As any Anthony Joshua fan will tell you, predicting the future is unwise.
That said, numerous companies make good money doing just that and according to one of them more than 3000 satellites will be launched into space before 2027, generating nearly $300 billion in the process.
This week, the UK Government announced that it is keen to get in on that action.
The UK space industry has an excellent reputation for building satellites and for processing the data that they send back, once they are in orbit around our planet.
What this country does not have, is a track record of doing the bit in between: that is, getting the satellites from here to there.
Prospero X-3 satellite flight spare in London's Science Museum Prospero X-3 remains the only British satellite to have been launched using a British Rocket but even that wasn’t done in Britain as the 1971 launch took place at Woomera, South Australia.
This may soon change.
Minister for Science, Chris Skidmore MP has been widely praised for his enthusiastic support of the British space-based earth observation and telecommunications industries during the six months he has been in the job.
That reputation was further enhanced this week, when he took to Twitter – the medium of choice for the modern politician – to announce that his Government is prepared to invest up to £20 million into Newquay’s “Spaceport Cornwall” project.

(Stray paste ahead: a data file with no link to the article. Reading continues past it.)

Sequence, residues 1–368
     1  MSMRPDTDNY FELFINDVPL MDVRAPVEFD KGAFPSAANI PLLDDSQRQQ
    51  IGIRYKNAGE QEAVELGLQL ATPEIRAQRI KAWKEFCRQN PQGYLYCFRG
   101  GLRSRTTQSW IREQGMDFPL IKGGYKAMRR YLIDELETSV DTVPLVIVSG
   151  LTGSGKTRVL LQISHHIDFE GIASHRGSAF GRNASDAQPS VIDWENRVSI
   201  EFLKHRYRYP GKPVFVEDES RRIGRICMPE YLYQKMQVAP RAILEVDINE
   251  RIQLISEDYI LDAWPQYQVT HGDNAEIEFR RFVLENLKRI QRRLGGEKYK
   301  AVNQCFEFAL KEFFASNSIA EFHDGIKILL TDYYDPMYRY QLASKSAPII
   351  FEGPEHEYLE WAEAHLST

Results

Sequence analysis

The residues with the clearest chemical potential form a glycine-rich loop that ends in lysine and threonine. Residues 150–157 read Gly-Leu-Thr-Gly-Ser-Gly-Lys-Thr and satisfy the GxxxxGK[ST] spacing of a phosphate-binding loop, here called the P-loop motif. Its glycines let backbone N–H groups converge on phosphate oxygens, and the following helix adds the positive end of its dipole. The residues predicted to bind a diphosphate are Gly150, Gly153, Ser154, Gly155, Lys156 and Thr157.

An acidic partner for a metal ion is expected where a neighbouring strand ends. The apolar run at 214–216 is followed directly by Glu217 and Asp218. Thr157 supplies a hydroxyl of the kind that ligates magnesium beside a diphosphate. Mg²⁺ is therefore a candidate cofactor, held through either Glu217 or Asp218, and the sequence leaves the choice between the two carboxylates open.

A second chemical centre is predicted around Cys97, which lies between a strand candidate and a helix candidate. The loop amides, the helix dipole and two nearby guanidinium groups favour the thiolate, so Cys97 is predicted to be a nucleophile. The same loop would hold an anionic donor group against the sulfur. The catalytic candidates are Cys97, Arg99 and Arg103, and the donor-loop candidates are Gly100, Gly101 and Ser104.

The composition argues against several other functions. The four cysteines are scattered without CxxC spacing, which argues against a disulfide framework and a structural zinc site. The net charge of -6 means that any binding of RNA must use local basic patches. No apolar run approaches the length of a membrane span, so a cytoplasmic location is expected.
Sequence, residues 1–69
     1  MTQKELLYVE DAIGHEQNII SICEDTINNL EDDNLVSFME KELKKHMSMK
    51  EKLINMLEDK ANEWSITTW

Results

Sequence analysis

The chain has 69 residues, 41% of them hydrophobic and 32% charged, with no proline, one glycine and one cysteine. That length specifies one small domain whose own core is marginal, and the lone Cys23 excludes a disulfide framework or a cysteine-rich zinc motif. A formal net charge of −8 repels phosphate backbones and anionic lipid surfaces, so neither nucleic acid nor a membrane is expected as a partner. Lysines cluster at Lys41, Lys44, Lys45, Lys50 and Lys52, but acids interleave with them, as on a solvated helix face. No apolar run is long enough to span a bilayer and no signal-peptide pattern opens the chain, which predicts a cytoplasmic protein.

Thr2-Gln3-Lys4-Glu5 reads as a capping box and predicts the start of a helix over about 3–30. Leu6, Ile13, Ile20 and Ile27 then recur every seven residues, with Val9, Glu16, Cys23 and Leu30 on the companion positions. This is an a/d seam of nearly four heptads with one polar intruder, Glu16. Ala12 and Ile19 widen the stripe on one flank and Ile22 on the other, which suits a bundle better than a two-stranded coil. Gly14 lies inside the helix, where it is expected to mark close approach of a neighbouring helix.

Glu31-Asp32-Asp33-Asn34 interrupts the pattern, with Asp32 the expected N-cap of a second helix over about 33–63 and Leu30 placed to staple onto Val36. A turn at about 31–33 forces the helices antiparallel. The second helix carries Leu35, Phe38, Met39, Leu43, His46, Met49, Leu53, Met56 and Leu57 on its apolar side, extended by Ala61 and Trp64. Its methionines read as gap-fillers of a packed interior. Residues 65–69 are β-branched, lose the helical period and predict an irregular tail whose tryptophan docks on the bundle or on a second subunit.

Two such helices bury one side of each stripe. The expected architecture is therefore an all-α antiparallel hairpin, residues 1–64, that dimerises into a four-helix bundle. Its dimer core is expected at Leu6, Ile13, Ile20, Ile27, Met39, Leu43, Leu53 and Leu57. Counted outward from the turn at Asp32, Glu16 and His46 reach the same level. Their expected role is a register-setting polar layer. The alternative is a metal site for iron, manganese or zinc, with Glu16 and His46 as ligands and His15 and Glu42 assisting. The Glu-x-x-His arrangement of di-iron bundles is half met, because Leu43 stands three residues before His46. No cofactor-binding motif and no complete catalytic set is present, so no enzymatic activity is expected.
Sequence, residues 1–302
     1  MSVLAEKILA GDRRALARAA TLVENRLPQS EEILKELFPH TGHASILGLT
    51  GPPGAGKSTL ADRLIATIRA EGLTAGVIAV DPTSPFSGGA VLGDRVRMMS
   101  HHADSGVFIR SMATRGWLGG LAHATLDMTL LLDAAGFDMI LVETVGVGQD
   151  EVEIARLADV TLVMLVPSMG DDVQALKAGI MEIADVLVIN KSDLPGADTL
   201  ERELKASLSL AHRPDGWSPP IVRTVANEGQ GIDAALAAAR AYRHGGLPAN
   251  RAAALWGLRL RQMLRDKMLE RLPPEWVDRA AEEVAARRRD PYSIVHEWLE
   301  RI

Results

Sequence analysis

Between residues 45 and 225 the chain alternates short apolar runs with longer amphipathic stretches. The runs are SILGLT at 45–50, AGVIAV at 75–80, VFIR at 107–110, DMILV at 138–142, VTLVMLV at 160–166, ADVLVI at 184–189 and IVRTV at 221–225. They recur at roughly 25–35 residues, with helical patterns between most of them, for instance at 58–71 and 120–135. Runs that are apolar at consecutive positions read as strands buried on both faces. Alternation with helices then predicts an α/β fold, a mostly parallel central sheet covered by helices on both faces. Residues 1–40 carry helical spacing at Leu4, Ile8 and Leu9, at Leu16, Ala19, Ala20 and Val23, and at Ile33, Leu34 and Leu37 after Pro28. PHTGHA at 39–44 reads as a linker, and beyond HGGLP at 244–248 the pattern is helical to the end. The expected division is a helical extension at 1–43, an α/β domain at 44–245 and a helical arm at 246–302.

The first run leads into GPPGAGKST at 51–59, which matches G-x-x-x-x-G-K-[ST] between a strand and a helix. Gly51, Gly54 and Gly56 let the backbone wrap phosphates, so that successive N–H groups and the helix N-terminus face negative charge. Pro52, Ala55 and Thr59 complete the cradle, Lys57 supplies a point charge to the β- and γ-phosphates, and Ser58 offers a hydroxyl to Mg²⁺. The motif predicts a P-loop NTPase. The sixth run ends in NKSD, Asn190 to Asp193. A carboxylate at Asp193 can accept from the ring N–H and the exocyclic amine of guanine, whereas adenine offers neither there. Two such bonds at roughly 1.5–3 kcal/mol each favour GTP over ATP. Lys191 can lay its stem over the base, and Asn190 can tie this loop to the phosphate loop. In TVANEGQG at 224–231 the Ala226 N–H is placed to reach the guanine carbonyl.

The hope is that this will make it the base for Richard Branson’s satellite launch system, Virgin Orbit.
Unlike traditional launches where rockets take off from the ground, Virgin Orbit’s plan is to use a modified Boeing 747-400, called Cosmic Girl (maybe Richard is a Jamiroquai fan?) to carry their delivery rocket, LauncherOne under its wing.
When Cosmic Girl reaches 35,000 feet, the same altitude as commercial traffic, LauncherOne will deploy, light up its boosters and fire its cargo into orbit from there.
That should make for a slightly more interesting Instagram picture than one of the in-flight food!
This smart idea means that places such as Cornwall, whose latitudes are not the best for launches, can still be the origin of these missions. Also, Virgin Orbit is aiming at the emerging nano-satellite market which is smart business too.
The investment is dependent upon a successful business plan and a successful test of this technology. Whilst this hasn’t happened yet, Richard Branson recently confirmed on his blog, that all the constituent parts have been successfully tested and final assembly has commenced.
One wonders what traditional visitors to Newquay will make of sharing the train there with rocket scientists but in a few years’ time it maybe that they, and us are looking skyward at the next development of one of the UK’s most successful industries.